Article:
Love, Friendship and Storytelling Talking with Young People about the Best-Loved Works of Their Generation
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This book explores the results of a focus group study about how young people grasp the messages about friendship and love communicated through the stories they read, how these concepts influence their own values, and how they assess a piece of literature.
On September 24th and 25th, 2021, at the Pontifical University of the Holy Cross in Rome, the literary discussions recommenced, which were initiated by Educating Young People through the Classics. Love, Friendship and Storytelling—and temporarily suspended by the Covid pandemic—with focus groups examining books, movies, and TV series popular with young people. The works had been chosen based on a representative study, done two years prior, with a sample of 3,700 subjects ages 18-29 from five European countries (France, Germany, Great Britain, Italy, and Spain) and four countries from the Americas (Argentina, Colombia, Mexico, and the United States).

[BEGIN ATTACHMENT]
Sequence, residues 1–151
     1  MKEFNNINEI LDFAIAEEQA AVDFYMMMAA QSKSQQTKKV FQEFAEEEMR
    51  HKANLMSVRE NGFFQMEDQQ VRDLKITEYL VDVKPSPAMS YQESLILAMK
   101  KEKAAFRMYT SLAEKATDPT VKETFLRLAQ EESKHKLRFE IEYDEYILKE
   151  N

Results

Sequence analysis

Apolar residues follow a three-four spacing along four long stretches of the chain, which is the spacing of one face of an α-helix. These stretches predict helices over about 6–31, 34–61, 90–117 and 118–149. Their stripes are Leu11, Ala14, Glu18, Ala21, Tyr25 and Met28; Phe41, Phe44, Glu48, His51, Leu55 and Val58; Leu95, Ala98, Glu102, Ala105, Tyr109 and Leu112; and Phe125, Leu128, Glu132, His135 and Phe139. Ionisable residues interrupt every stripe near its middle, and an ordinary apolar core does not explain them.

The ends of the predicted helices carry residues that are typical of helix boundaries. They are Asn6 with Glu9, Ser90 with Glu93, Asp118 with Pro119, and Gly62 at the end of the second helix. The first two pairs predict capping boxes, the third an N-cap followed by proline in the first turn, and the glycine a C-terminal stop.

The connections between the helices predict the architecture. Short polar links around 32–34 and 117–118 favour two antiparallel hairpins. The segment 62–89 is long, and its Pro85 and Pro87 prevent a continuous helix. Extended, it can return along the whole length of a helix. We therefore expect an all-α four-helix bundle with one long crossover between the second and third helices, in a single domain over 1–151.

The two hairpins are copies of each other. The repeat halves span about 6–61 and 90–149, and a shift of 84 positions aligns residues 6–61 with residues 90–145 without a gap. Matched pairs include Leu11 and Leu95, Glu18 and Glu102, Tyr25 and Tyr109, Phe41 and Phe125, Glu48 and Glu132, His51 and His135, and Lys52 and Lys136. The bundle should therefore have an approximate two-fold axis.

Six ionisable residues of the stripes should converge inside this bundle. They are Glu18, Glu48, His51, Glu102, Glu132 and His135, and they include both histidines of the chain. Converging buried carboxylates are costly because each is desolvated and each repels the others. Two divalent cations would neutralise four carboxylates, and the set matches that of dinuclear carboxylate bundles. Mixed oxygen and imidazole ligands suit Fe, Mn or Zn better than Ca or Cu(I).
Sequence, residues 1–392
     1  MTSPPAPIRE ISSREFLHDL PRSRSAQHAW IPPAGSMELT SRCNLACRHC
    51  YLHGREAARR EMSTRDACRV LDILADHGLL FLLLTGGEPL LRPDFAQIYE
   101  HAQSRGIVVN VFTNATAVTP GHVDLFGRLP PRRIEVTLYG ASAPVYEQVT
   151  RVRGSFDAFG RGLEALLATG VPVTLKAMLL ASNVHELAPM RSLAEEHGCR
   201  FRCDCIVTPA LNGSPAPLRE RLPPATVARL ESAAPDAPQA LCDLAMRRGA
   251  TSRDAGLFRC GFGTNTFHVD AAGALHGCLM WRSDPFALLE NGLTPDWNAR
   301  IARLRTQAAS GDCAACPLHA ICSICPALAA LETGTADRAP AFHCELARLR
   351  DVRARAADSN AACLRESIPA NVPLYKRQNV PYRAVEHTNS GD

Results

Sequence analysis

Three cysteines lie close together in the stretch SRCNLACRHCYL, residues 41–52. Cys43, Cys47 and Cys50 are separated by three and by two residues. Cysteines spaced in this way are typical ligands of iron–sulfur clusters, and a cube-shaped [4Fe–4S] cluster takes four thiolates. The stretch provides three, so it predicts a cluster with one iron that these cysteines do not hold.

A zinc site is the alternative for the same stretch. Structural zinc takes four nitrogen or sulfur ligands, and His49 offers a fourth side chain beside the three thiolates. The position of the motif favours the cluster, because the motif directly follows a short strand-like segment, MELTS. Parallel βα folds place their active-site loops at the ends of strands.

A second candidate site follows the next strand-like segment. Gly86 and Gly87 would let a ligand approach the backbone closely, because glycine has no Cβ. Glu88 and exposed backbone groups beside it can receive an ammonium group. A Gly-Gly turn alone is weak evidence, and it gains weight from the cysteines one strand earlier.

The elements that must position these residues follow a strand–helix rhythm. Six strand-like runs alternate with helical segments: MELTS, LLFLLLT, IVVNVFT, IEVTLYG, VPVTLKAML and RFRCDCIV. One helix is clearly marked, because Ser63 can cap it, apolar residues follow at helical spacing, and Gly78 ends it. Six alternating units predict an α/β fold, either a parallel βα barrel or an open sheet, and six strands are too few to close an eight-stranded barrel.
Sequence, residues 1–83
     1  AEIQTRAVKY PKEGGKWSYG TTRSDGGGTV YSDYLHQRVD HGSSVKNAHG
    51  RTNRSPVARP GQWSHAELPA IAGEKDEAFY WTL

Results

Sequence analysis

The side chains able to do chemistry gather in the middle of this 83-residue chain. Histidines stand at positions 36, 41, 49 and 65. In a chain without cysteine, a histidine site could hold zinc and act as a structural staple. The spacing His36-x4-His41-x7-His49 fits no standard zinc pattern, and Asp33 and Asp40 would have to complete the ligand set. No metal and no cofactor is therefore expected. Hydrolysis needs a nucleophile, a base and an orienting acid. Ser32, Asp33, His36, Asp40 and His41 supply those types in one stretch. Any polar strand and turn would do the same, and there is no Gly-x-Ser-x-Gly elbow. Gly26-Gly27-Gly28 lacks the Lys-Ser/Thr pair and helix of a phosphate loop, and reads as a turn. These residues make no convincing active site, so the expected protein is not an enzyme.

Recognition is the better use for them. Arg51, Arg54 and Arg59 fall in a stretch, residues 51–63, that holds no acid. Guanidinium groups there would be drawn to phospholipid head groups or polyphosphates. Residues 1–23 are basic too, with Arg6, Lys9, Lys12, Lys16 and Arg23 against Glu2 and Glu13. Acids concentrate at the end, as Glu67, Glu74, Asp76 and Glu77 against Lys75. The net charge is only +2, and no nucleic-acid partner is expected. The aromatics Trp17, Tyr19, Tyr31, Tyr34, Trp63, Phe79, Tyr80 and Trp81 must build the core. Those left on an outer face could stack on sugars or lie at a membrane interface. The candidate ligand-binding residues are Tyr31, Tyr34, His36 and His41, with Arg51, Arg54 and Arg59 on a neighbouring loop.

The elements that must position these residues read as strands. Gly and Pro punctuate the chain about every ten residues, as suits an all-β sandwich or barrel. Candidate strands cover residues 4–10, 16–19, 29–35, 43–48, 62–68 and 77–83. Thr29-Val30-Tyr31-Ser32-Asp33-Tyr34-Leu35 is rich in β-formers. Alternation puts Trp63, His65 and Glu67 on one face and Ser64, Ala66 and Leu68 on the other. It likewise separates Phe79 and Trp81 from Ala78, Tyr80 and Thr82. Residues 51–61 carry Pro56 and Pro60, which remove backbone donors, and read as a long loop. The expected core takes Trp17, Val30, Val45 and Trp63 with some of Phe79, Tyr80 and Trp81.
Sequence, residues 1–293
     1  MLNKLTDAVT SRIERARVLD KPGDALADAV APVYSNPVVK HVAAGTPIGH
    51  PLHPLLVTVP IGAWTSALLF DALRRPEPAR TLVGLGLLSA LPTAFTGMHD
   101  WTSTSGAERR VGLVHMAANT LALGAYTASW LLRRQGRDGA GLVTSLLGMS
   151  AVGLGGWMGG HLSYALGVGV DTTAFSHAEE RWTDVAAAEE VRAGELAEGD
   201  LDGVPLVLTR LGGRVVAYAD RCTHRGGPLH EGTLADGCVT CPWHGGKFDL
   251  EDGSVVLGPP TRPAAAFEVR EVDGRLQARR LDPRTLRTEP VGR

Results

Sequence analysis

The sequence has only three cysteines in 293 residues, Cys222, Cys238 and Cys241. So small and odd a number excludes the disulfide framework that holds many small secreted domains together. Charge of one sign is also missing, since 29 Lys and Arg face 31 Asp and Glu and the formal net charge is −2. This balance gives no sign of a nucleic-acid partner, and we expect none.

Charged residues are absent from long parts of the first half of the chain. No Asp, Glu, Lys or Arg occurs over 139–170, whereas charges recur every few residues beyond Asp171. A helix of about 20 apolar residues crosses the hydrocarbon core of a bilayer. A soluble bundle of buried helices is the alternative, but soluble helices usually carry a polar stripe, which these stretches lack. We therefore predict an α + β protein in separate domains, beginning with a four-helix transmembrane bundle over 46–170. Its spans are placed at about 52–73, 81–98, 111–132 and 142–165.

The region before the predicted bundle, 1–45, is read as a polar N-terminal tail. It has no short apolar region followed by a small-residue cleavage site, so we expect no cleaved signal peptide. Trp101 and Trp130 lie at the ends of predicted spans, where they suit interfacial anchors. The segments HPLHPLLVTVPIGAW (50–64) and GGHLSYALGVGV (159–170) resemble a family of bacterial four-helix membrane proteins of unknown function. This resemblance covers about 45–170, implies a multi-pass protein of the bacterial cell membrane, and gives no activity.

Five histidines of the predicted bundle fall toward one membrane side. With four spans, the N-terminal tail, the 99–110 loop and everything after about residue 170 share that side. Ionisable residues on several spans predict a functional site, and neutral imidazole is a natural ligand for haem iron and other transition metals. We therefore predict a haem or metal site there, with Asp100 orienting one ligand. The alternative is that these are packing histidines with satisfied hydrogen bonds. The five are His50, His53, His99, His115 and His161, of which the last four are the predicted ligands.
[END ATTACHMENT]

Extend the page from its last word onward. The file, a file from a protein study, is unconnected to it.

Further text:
There were focus group discussions regarding the most popular works of fiction (according to the survey responses): for the conversation on books, Harry Potter and the Sorcerer’s Stone; for the conversation on movies, The Chronicles of Narnia: The Lion, the Witch, and the Wardrobe, and Titanic; for the conversation on TV series, The Big Bang Theory and Thirteen Reasons Why.
Research leaders of the discussions present the focus groups’ results in chapter two and three, and the book’s editor has contributed an introductory essay—Storytelling and character formation. Talking with young people about books and movies—about the relationship between literature and character formation, outlining the theoretical framework for the whole project.